January 12
The Regents’ Committee meets but cannot reach a conclusion to recommend to the full Board. Members are, however, united in support of the Regents policy forbidding employment of Communists by the University.

January 13
The Regents meet. For the first time Earl Warren, the newly elected Governor of California, attends a Regents meeting. He will continue to attend through the oath crisis. Warren is a close friend of President Sproul, a fellow Berkeley alumnus and classmate, and will become one of the leading Regents opposed to the University’s oath requirement.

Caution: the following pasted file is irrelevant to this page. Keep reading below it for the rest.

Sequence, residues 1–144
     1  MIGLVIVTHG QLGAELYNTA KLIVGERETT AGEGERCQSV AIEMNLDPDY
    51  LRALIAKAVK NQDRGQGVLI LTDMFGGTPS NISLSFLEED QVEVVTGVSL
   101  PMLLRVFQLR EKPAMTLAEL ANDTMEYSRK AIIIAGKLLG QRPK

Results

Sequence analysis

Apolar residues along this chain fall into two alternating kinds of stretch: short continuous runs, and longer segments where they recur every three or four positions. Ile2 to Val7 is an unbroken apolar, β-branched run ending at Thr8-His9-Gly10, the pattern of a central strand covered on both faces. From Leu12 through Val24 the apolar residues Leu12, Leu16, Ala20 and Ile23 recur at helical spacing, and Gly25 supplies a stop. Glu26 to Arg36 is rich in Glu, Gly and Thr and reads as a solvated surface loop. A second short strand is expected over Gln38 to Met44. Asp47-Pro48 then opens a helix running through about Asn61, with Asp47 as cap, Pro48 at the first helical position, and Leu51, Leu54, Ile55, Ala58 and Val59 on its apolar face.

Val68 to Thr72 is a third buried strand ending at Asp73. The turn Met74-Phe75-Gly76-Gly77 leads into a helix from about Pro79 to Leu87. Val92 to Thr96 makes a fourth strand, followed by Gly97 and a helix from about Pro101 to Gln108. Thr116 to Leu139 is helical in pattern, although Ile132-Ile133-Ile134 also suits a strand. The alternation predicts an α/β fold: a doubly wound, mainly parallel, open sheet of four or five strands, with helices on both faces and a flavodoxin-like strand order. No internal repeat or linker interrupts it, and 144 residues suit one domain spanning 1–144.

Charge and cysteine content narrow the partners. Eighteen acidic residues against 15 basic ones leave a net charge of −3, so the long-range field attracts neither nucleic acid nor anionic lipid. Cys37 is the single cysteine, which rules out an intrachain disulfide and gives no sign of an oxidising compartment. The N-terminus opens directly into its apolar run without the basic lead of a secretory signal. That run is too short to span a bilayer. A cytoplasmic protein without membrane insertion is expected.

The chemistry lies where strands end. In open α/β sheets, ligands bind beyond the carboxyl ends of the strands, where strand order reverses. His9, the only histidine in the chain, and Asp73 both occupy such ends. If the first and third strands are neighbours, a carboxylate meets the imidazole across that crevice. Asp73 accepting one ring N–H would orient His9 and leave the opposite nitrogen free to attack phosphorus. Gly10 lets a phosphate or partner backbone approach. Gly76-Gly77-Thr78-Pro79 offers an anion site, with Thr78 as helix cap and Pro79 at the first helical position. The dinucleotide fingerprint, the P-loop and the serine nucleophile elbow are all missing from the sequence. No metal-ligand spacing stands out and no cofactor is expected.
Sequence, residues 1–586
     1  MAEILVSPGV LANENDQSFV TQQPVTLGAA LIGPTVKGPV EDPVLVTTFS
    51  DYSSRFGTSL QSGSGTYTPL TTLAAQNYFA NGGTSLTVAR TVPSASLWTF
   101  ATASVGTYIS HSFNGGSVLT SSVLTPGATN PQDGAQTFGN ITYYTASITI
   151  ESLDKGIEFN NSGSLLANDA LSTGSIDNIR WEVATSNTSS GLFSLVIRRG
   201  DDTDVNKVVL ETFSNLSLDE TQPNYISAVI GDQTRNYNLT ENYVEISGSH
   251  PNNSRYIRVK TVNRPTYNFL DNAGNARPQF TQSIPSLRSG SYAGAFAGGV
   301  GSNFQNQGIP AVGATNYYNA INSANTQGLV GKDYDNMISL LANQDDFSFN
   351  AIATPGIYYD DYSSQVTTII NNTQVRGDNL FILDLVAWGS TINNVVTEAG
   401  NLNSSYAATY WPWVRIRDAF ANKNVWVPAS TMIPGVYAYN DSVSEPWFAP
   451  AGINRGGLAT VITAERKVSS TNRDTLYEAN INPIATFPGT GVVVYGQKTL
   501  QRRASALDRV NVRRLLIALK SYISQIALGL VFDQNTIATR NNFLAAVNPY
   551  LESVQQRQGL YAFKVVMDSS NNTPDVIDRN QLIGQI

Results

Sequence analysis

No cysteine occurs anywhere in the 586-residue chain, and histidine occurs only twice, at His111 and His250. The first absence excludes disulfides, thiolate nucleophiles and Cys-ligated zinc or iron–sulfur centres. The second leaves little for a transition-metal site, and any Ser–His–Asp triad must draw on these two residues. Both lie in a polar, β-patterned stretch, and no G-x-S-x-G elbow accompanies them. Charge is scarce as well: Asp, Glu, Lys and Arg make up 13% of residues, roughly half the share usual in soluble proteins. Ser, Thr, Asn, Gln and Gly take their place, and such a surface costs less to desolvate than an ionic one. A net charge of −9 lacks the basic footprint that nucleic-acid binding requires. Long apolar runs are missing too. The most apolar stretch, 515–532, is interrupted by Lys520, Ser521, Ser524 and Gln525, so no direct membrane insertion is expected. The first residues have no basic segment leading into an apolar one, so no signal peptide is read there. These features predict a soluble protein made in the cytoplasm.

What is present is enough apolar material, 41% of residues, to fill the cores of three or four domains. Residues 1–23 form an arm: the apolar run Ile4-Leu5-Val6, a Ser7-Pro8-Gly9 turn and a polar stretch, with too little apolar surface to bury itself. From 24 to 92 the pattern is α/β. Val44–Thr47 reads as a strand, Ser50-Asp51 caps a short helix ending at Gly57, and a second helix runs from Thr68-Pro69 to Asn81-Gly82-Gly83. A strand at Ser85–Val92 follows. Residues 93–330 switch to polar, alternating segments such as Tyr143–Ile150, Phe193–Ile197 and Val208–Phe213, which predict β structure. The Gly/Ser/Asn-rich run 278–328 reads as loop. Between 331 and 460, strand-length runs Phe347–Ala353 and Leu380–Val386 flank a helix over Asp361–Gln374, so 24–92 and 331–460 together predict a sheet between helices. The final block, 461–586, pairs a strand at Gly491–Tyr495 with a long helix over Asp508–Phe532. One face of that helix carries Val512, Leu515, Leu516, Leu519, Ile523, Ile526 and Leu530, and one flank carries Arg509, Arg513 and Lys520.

The Regents’ Committee is discharged, and the faculty Conference Committee is told to work with President Sproul. Regent Neylan argues that the status of the Regents is at stake if they give in to the faculty, saying “we are up against a situation in which there is a great reluctance to recognize the fact that there can never be unity on this thing, except by abject submission on the part of the Regents, the President and the Senate to a minority of that faculty.” Regent Mario Giannini (son of A.P. Giannini, founder of the Bank of America and a former Regent), states that “This is one of the issues which tells whether the Regents are going to run the University or whether the staff is going to run it.” This brings the controversy into stark contrast: is the University managed by the Regents, with the faculty essentially as corporate employees, or does “shared governance” exist, creating a role for the faculty in University decision making? At this point a majority of the Regents share Giannini’s basic view.